Is “Smart” Money Smart?
Investors pay professional money managers because of managers’ reputation for identifying and exploiting mispriced assets in an effort to beat the market. However, recent evidence shows that institutional investors on average miss out on meaningful, persistent, and well-documented opportunities to outperform passive index strategies.
Academic research has found evidence of numerous investment “anomalies.” Anomalies occur when stock prices appear to be incorrect. Their existence contradicts the famous Efficient Market Hypothesis (EMH), which says that asset prices correctly reflect available information. Therefore, anomalies may serve as evidence that investors can use available information to beat the market.
One example is the share issuance anomaly, first documented by Tim Loughran and Jay Ritter in the Journal of Finance in 1995. Loughran and Ritter show that firms which have recently issued stock through IPOs or secondary offerings have low stock returns in the next 3-5 years.
The Share Issuance Anomaly figure above represents the total compounded return on $1 invested initially in December of 1998 in a monthly rebalanced even-weighted portfolio without transaction costs of U.S. stocks deciled by total share issuance estimates. Share issuance is defined as the annual percentage of new shares issued over the prior fiscal year. Top Decile represents the 10% of stocks with the lowest share issuance while Bottom Decile represents the 10% of stocks with the highest share issuance. Past Performance does not guarantee future results.
This violates the EMH; it appears investors can use available information (i.e., whether firms have issued stock) to construct a strategy that beats the market: Buy firms that have not issued (or even bought back) stock, and sell short firms that have. The idea is that firm managers know more about their companies’ prospects than outside investors do, and this creates an exploitable mismatch: When managers issue shares, they send a negative signal that the market does not fully appreciate.
Over the past 40 years there have been dozens of anomalies documented in the academic literature: from share issuance (Loughran and Ritter, 1995) to momentum (Jegadeesh and Titman, 1993) to asset growth (Cooper, Gulen and Schill, 2008). Given many of these anomalies have been around for a long time – and replicated many times in academic studies — a natural question arises: do institutional money managers, on average, take advantage of these anomalies in their own portfolios?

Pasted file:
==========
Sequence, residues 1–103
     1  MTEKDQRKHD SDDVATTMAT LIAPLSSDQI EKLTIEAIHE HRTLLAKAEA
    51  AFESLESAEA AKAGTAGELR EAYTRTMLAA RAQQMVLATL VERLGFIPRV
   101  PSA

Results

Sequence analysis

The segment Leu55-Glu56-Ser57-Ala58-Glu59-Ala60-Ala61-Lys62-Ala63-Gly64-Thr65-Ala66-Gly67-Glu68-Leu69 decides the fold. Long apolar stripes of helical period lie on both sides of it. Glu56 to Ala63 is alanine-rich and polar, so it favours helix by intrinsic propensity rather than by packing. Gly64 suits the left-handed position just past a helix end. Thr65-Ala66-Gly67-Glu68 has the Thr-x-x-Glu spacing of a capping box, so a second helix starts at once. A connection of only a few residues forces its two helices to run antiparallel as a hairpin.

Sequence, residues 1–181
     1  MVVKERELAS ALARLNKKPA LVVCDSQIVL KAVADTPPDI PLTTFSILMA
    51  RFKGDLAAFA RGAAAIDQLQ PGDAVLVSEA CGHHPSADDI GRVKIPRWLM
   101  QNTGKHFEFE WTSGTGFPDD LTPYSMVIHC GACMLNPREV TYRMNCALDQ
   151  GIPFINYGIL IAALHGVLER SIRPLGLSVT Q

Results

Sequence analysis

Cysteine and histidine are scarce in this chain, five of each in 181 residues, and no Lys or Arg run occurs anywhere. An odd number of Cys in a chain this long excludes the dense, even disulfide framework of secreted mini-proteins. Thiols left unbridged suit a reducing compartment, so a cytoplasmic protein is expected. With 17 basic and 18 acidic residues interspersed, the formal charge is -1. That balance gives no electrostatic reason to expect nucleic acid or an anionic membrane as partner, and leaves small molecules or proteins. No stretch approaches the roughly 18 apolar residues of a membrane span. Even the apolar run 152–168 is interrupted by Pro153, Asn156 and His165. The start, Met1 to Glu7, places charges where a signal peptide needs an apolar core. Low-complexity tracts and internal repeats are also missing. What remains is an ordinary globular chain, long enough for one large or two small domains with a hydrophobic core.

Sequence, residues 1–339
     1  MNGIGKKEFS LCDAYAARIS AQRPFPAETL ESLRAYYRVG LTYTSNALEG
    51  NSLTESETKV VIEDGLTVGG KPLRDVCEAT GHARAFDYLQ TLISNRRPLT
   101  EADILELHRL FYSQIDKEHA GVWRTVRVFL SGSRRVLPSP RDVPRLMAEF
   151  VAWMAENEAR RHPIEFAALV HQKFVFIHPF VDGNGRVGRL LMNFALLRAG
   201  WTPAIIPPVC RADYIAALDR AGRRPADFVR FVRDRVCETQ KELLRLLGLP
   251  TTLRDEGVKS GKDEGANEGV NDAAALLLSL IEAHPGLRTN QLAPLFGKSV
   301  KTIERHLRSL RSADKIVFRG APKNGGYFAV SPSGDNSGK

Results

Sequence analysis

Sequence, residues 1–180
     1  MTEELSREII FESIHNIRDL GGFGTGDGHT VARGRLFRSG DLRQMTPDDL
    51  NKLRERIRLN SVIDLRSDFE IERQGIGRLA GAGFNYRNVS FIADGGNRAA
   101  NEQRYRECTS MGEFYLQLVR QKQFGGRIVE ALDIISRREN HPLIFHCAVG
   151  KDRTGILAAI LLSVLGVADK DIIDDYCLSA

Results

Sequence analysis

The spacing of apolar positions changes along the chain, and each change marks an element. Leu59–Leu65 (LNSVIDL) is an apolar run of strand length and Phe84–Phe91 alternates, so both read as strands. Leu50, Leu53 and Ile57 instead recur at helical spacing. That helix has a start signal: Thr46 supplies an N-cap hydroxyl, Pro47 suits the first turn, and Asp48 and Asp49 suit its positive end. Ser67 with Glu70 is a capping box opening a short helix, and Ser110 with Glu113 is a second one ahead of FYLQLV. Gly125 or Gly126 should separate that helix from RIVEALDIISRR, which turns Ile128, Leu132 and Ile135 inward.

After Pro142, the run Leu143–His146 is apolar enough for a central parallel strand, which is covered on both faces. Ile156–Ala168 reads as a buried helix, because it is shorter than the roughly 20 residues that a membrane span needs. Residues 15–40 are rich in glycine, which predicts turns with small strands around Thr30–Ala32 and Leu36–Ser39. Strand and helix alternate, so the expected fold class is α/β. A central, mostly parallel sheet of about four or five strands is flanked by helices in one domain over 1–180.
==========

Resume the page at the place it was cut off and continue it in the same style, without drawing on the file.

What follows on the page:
The answer is “No.”
This was the eyebrow-raising finding in “Institutional Investors and Stock Return Anomalies” by Roger Edelen, Ozgur Ince and Greg Kadlec, which is forthcoming in the Journal of Financial Economics. Edelen et al. examine the quarterly 13F forms that list the long holdings of each institutional money manager with more than $100 million in assets. Then they look at changes in these 13F holdings over a 30-year period (1982-2012) to see whether institutional money managers are buying up stocks that seven anomaly signals say you should buy (long), sell (short) or leave alone (neutral).
Surprising fact: institutional money managers, on average, buy the wrong stocks! You can see it in the picture below which is derived from Table 4 of their paper:
This figure plots the average percent change in the number of institutional owners of long, neutral, and short anomaly stocks during the period in which the anomaly information becomes available. The fact that all three bars are positive suggests that the number of institutional investors was increasing during the thirty-year period they examine (1982-2012).
What’s interesting, however, is that the average increase in institutions holding long-anomaly stocks is 12.1% but the average increase in institutions holding short-anomaly stocks is 15.1%. That is, as institutions increase their holdings, they are, on average, more likely to buy stocks that anomaly signals say are a mistake.
Our takeaway from this research is that, even though many anomalies have been known for a while, there are still plenty of investors who don’t act on them. Moreover, many of the signals which underlie anomalies – like asset growth or market-to-book – are like “honey traps,” stock characteristics that might tantalize investors into buying stocks that they shouldn’t.
While it isn’t a surprise to find that individual investors often buy the wrong stocks, it is perhaps unexpected the average institutional investor falls into these honey traps as well. We think this bodes well for investors in active strategies that seek to capture alpha from anomaly exposure.
The material provided herein has been provided by Counterpoint Mutual Funds, LLC and is for informational purposes only. Counterpoint Mutual Funds, LLC serves as investment adviser to one or more mutual funds distributed through Northern Lights Distributors, LLC member FINRA. Northern Lights Distributors, LLC and Counterpoint Mutual Funds, LLC are not affiliated entities.